“The application of the clumped-isotope technique provides a unique record of temperature change on land where earlier estimates based on other proxies were either imprecise or ambiguous,” Lohmann said. “This illuminates the response of the terrestrial climate system during this interval of declining carbon dioxide.”

The results are significant in part because they provide further evidence that carbon dioxide is linked to climate not only by way of the vast oceans and their temperature, but by terrestrial temperatures, too, Hren said.

Studies have shown that before this drastic cooling event, Earth’s atmosphere contained 1,000 parts per million of carbon dioxide or more. By the end of the transition, it was likely lower than 600-700 ppm. Some predictions, noted Hren, suggest that Earth’s current carbon dioxide concentrations, close to 400 ppm and climbing, could increase to nearly 1,000 ppm in the next 100 years.

If that turns out to be the case, it’s likely that temperature changes on the scale of the Eocene to Oligocene could occur – but in the other direction, toward a much warmer climate that could again fundamentally alter life on Earth.

“The terrestrial setting is the habitat of humanity,” Lohmann said. “Therefore, understanding the magnitude and heterogeneity of temperature change on land is essential if we are to model and predict the future impacts on society as our climate warms.”

Snail tale: Fossil shells and new geochemical technique provide clues to ancient climate cooling

Using a new laboratory technique to analyze fossil snail shells, scientists have gained insights into an abrupt climate shift that transformed the planet nearly 34 million years ago.

At that time, the Earth switched from a warm and high-carbon dioxide “greenhouse” state to the lower-carbon dioxide, variable climate of the modern “icehouse” world. Massive ice sheets grew across the Antarctic continent, major animal groups shifted and ocean temperatures decreased by up to 5 degrees Celsius (9 degrees Fahrenheit).

But studies of how this drastic change affected temperatures on land have had mixed results. Some show no appreciable terrestrial climate change; others find cooling of up to 8 C (14.4 F) and large changes in seasonality.

Now, a group of American and British scientists – including two from the University of Michigan – has used a new geochemical technique to analyze heavy isotopes of carbon and oxygen in fossil snail shells. They used the method to measure the change in land temperature associated with this shift in global atmospheric carbon dioxide concentrations.

Their results suggest a drop of as much as 10 C (18 F) for freshwater during the warm season and 6 C (10.8 F) for the atmosphere in the North Atlantic, giving further evidence that the concentration of atmospheric carbon dioxide and Earth’s surface temperature are inextricably linked.

The team’s findings will be published online April 22 in the Proceedings of the National Academy of Sciences. The lead author of the paper is Michael Hren, assistant professor of chemistry and geosciences at the University of Connecticut. The U-M co-authors are Nathan Sheldon and Kyger Lohmann of the Department of Earth and Environmental Sciences.

“One of the key principles of geology is that the past is the key to the present: records of past climate inform us of how the Earth system functions. By understanding past climate transitions, we can better understand the present and predict impacts for the future,” said Hren, a former U-M postdoctoral researcher who worked under Sheldon.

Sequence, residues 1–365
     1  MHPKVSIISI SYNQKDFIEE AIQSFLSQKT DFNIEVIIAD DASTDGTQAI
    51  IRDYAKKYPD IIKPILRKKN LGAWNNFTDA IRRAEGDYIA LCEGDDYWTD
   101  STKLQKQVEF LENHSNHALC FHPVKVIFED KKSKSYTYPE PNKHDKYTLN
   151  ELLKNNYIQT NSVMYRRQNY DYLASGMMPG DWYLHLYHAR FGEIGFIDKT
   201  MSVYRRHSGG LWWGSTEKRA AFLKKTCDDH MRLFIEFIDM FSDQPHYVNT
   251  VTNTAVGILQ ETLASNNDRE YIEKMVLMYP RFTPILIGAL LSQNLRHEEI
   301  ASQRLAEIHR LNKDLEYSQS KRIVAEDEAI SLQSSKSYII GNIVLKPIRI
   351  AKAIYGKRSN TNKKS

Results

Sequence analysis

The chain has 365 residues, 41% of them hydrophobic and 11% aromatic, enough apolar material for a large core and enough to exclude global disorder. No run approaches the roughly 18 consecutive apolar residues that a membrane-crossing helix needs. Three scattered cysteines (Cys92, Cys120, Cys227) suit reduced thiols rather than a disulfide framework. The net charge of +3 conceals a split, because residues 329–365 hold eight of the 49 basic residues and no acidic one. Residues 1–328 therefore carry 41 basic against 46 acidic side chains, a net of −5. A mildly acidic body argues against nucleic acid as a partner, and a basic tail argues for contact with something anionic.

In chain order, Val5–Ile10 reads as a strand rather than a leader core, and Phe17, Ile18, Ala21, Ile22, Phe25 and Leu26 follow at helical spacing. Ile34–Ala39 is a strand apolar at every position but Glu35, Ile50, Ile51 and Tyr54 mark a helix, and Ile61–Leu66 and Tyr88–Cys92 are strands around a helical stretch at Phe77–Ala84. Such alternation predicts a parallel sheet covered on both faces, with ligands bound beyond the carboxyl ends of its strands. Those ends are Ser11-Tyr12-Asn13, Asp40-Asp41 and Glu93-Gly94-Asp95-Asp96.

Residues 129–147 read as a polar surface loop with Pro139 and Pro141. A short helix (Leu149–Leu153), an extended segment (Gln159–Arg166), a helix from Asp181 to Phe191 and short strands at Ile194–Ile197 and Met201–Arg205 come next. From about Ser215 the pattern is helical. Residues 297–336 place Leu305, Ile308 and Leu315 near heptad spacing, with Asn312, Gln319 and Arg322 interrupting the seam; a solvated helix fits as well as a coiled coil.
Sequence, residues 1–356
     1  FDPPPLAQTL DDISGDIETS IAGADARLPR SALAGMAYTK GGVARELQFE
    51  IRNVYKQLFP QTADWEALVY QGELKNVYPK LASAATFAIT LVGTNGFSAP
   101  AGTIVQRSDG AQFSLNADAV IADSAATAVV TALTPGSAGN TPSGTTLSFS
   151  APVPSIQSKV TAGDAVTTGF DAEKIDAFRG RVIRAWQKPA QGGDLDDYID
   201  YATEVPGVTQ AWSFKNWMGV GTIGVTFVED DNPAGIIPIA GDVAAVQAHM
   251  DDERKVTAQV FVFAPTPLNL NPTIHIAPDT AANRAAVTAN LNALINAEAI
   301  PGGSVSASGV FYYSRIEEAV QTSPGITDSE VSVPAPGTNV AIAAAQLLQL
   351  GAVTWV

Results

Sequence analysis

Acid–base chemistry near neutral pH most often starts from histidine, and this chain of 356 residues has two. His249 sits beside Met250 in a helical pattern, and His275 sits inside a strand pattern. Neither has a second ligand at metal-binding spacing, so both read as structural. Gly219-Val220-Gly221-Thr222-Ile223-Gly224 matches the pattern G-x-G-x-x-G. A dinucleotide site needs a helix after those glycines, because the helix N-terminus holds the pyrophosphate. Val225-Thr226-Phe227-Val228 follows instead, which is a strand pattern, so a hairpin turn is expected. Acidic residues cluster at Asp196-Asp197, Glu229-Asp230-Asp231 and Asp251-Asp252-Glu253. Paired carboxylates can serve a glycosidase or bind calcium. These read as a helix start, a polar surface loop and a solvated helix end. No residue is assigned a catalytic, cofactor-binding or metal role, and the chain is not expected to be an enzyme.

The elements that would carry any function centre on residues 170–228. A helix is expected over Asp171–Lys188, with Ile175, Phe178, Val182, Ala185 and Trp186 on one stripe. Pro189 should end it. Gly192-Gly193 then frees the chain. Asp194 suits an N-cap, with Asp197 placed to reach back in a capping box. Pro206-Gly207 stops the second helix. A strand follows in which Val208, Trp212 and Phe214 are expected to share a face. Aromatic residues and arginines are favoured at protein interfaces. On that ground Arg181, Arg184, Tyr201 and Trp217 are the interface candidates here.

“While our understanding of past changes in the temperature of Earth’s oceans is well established, deciphering the environmental conditions of terrestrial settings has remained elusive. With the application of new analytical techniques, it is now possible to illuminate the paired response of the ocean-land system during episodes of global climate change,” said Lohmann, the director of the Stable Isotope Laboratory, the first U-M facility to use the “clumped-isotope technique.”

The transition between the late Eocene and the Oligocene epochs (between 34 and 33.5 million years ago) was triggered in part by changes in the concentration of atmospheric carbon dioxide that enabled ice to build up on the Antarctic continent.

Ice-sheet growth, coupled with favorable changes in the Earth’s orbit, pushed the planet past a climatic tipping point and led to both the rapid buildup of a permanent ice sheet in the Antarctic and much larger changes in global climate, the authors wrote.

But much of what is known about this time period’s climate comes from cores drilled deep in the ocean. There, organic and inorganic remains of ancient marine creatures retain chemical signatures of ocean temperatures when they were alive.

Now, the U-M researchers and their colleagues have used the recently developed “clumped-isotope thermometer” technique to examine terrestrial fossil shells from this time period. The team collected fossilized snails from the Isle of Wight, Great Britain, and looked for not just the kind and number of carbon and oxygen isotopes present, but how they were bound together.

The abundance of bonds containing heavy isotopes of both oxygen and carbon are temperature-dependent, so they can give a reliable picture of the climate of terrestrial environments.

“The application of the clumped-isotope technique provides a unique record of temperature change on land where earlier estimates based on other proxies were either imprecise or ambiguous,” Lohmann said. “This illuminates the response of the terrestrial climate system during this interval of declining carbon dioxide.”